China offers thousands of different teas to choose from with different tastes, quality and purposes. You might wonder how is it possible to distinguish one kind from the other, unless they have a completely different appearance – or is it possible to tell the quality of tea just by tasting it, without seeing the leaves first? And, even if you do see the leaves, how can you tell what kind of tea they will produce?
While there are some basic guidelines that can help you in making a wise decision when choosing tea, what is most important, is how much you enjoy drinking the chosen tea. Some teas can leave an impression that will be forgotten by the end of the day, and some will be long remembered.
Visiting a tea house or a tea shop in China will make your choice quite easy. The hospitality of shop owners will add a new dimension to your tea knowledge, even if you are already an experienced drinker. For beginners, it will be a unique experience that will help you establish the basic foundations of tea.
To get the most out of your tea shopping experience, you can prepare yourself with our short guide. There are a lot of factors to be considered when determining the quality of tea, and we suggest that you focus on the following: the appearance of tea leaves, scent, aroma, liquor color and the feeling you get from the drinking it.
The Appearance of Tea Leaves
There is not a general rule for what a tea leaf should look like. Sometimes teas made from only buds are cheaper than teas made of leaves. Each tea has its own rule for making, but when using either buds or leaves, each should remain intact and when possible, don’t use small broken bits –but, the whole leave or bud. Color and shape are very important, and the whole appearance should be appealing to you. Beauty cannot be mistaken, even by the untrained eye. Same is true for wet tea leaves. They should retain healthy color and nice shape.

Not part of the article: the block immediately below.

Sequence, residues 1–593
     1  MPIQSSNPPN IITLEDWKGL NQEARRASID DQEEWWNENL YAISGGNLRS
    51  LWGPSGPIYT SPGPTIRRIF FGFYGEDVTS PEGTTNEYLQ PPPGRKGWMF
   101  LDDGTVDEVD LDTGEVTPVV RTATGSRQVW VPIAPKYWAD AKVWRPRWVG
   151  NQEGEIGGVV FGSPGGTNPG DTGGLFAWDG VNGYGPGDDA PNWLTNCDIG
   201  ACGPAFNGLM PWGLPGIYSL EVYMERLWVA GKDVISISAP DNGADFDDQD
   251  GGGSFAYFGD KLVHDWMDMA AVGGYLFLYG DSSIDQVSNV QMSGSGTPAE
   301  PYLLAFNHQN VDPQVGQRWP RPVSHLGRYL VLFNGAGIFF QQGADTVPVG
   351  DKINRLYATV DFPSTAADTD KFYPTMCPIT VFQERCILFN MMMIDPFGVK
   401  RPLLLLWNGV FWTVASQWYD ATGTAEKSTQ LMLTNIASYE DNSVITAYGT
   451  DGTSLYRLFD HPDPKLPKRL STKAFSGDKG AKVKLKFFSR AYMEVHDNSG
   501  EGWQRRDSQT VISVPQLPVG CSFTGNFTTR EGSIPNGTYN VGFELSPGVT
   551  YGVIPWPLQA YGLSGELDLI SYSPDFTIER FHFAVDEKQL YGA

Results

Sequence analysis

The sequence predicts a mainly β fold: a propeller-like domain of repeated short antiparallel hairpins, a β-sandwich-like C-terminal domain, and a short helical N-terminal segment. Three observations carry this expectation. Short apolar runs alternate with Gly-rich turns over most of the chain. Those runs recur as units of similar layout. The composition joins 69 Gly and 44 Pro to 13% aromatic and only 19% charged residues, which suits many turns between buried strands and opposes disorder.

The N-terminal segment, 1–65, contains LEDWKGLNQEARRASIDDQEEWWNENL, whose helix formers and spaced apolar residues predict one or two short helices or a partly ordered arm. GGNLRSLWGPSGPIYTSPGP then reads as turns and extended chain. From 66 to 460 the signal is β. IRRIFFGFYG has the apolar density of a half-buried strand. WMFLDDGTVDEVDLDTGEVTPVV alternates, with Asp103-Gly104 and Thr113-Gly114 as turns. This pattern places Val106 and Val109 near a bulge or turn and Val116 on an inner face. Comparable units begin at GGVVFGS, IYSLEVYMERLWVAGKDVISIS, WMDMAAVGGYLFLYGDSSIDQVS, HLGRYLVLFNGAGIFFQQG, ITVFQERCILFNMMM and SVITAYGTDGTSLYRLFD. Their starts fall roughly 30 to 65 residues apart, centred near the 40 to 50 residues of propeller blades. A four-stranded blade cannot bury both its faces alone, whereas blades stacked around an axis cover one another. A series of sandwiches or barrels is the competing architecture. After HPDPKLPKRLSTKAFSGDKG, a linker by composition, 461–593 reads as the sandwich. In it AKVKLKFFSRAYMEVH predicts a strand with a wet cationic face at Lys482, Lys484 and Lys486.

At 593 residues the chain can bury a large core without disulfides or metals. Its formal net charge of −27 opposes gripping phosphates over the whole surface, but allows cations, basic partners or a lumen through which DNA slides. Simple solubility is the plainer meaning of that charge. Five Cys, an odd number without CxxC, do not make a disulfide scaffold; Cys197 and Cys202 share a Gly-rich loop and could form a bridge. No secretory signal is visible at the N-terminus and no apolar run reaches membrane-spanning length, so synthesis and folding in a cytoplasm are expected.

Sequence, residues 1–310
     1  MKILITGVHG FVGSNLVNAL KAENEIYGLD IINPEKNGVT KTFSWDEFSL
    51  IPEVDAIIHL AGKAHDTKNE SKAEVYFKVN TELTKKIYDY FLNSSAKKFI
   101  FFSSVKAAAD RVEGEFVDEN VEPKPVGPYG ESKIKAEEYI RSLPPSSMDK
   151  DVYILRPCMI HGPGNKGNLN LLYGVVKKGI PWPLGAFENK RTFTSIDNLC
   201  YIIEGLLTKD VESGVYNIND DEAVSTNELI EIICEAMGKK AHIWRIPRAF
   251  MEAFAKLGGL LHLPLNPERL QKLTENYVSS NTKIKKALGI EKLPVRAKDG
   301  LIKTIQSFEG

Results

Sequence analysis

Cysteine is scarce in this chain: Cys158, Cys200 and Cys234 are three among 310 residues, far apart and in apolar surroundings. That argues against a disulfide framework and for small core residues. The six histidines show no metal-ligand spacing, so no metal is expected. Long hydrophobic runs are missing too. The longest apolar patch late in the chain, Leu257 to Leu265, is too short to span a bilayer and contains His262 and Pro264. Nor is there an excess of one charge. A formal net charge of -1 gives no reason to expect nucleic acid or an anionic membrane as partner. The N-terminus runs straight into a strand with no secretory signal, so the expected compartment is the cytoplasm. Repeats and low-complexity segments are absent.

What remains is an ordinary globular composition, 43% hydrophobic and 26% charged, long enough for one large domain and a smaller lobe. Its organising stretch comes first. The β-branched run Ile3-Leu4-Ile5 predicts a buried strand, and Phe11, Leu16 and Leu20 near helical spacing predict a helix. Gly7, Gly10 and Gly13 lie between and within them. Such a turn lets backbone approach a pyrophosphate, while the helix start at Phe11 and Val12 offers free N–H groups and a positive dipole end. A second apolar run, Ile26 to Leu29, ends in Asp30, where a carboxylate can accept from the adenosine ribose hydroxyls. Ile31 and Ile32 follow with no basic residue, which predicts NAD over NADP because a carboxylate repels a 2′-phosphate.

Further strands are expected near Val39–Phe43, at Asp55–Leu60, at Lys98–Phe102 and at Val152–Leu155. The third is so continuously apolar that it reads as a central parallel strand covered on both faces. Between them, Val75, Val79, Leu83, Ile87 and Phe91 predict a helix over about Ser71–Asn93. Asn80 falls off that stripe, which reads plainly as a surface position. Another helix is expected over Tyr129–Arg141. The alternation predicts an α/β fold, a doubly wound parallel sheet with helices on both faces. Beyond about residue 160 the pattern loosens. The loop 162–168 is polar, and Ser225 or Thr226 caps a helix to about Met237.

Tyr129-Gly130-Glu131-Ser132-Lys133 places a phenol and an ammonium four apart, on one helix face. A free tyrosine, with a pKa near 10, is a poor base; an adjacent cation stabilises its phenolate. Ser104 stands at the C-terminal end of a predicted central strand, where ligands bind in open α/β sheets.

Did you know that Chinese Tie Guan Yin shouldn’t have any branches, while Taiwanese gao shan teas always include them? Did you know that even the used-up wet leaves still retain a lot of scent and freshness, even after many hours, if they are high quality?
Every good tea should have a fresh and intense scent to it. Some teas are more intense than others, some are fresher, but none of them should have a dull or mold scent, or no scent whatsoever. Whether it is the sweet and vegetal scent of famous Mao Jian, or floral and light scent of green Tie Guan Yin, you will be able to distinguish the quality of tea just by smelling it.
Did you know that freshness of all teas can be recognized after washing the leaves?
Aroma is the most important factor for many tea drinkers. There are thousands of different flavors that all come from the same tea plant. Aroma depends on a varietal used, processing method, storage and many other factors. Perfect cup of tea should be pleasant to drink, not too bitter and not too weak. Did you know that every steeping offers a different aroma, and the beauty of proper tea preparation lies in discovering these layers cup after cup?
Color of the brew is as important as any other factor. Every type of tea is different, but the color should always be healthy, not murky or washed-out. Even the teas with the palest color have a beautiful visual feeling to them. Color of the brew is always in connection with their taste. Light green pan-fired teas with delicate scent will have a delicate bright yellow-green color, and the most aromatic and strong pu’er teas could even have that a bit greasy look at the surface. Did you know that the color of tea liquor is as important as scent and aroma, and will have a great impact on your whole drinking experience?
If any of these aspects leaves a very good first impression on you, you can be sure that the drinking experience will be long remembered and the tea you are buying is worth the price. There is beauty to be found in any quality tea, so keep your eyes wide open. Did you know that tea, just as people, is described by its character? Some teas have a lot of character, some have less, and some poorly produced and poorly stored teas have almost none.